The key to knowing when to use 'he' and when to use 'him' is to know what is a subject pronoun and what is an object pronoun.
Subject Pronoun: He
'He' as the subject of a verb can refer to:
'He' is the third-person singular subject pronoun. As the name suggests, subject pronouns represent a male person already mentioned or easily identified that does the action of the verb.
As in this example, 'he' replaced the masculine subject of the sentence. Rather than saying 'That's my father over there—my father's a teacher', you can just say 'he' to avoid repetition.
'He' can also refer to a male animal. Sometimes, English speakers refer to their male pets as 'he' when they want to anthropomorphize them and show that there is an emotional bond between them.
A Person with Unidentified Gender
Another usage of the subject pronoun 'he' is when we want to refer to a person, male or female, but we don't want to express what sex they are or their sex is unknown to us.
Nowadays, this usage of 'he' is considered unacceptable. And most writers prefer to use 'they' to be gender-neutral.
Every kid must feel
when the police don't know if the person is a male or female, they use 'he' as a generic term.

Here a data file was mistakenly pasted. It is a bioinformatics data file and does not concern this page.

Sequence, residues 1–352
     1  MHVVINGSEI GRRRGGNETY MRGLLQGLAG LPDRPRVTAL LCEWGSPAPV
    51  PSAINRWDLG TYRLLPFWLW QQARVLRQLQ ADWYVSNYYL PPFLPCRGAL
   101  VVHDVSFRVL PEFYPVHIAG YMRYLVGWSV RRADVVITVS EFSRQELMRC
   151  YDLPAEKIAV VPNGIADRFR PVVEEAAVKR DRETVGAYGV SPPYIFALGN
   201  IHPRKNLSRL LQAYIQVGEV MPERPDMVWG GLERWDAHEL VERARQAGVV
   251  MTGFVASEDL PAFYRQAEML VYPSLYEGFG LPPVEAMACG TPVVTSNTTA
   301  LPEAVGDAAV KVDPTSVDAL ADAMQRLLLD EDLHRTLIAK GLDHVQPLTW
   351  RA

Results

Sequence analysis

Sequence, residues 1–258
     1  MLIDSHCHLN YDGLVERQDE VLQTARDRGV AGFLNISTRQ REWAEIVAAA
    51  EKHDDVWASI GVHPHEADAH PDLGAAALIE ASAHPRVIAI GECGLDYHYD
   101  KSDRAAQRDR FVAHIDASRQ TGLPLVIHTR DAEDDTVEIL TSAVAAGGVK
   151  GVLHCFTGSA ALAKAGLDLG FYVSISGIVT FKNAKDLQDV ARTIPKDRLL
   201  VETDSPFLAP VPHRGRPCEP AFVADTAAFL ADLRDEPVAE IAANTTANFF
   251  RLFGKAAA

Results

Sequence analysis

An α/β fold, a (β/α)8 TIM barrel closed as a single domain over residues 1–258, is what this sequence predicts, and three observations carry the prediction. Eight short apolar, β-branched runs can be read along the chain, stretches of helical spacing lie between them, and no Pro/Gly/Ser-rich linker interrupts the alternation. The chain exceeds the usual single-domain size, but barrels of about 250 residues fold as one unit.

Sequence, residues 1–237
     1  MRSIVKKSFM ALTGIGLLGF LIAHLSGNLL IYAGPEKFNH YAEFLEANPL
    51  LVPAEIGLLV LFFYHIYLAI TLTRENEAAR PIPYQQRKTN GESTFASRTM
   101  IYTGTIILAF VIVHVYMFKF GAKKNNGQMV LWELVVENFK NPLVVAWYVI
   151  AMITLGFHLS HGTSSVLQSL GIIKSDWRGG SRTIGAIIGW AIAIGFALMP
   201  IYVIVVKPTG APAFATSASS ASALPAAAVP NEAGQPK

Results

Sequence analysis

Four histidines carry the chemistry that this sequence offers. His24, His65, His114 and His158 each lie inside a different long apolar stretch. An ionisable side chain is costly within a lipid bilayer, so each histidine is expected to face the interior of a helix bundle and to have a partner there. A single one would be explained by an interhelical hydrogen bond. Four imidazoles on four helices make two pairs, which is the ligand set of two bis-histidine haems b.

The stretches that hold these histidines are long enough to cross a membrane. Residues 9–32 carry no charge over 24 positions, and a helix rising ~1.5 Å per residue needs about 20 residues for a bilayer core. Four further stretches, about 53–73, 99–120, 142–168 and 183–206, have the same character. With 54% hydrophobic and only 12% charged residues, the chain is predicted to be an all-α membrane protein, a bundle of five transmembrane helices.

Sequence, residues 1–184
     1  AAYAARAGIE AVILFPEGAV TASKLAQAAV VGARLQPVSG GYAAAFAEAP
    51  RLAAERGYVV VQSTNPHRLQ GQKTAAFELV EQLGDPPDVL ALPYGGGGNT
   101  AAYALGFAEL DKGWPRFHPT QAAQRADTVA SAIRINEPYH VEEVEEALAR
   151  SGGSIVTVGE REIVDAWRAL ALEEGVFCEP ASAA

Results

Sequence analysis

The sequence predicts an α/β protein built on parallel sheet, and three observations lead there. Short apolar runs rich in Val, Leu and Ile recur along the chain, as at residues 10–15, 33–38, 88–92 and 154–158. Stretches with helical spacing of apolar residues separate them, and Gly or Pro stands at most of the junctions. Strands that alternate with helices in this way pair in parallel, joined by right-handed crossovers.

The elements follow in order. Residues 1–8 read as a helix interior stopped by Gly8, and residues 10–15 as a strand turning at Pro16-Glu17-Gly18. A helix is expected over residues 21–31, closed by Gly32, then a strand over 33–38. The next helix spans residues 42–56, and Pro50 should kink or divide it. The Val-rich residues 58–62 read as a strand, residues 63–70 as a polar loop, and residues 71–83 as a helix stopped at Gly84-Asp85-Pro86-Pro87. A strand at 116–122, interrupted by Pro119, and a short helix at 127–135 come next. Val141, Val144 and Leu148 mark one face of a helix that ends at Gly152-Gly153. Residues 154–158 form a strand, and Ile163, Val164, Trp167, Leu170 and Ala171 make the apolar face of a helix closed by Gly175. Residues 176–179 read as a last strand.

Human beings in General
'He' can also be used to refer to any human beings in general. However, in modern English, some consider this incorrect and prefer to use the singular 'they'.
In some religious contexts, 'He' with the capital letter 'H' refers to God.
'Him' is the third-person masculine object pronoun. It can be used as:
Direct and Indirect Object
An object pronoun receives the action of the verb and represents the person or animal that is affected by the subject either directly or indirectly.
I love my son. In fact, I adore
Object of Preposition
'Him' is also used after a preposition. Look at this example:
I can't do that favor for
Predicative after the Verb Be
'Him' also is used after the verb 'be' to refer to a male person or animal already mentioned.
Hey, look! It's
'Who's at the door?' 'It's
Technically, after the verb 'be', we must use a subject pronoun. It was considered grammatically correct. But idiomatically and in spoken language, no one says 'Who's at the door?' 'It's
'Him' with a capital letter, can refer to 'God' in some religious contexts.
I believe in
Multiple-word Subject or Object: Him or He?
Now, how do we choose between 'he' and 'him' when we have a multiple-word subject or object. It so happens that a subject or object is more than one person. They are usually combined with the word 'and'.
Here, 'he and I' are in the position of subject. It can be replaced by the pronoun 'we.'
Don't meddle. It's between
Here, 'he and me' are in the position of object. It can be replaced by the pronoun 'us.'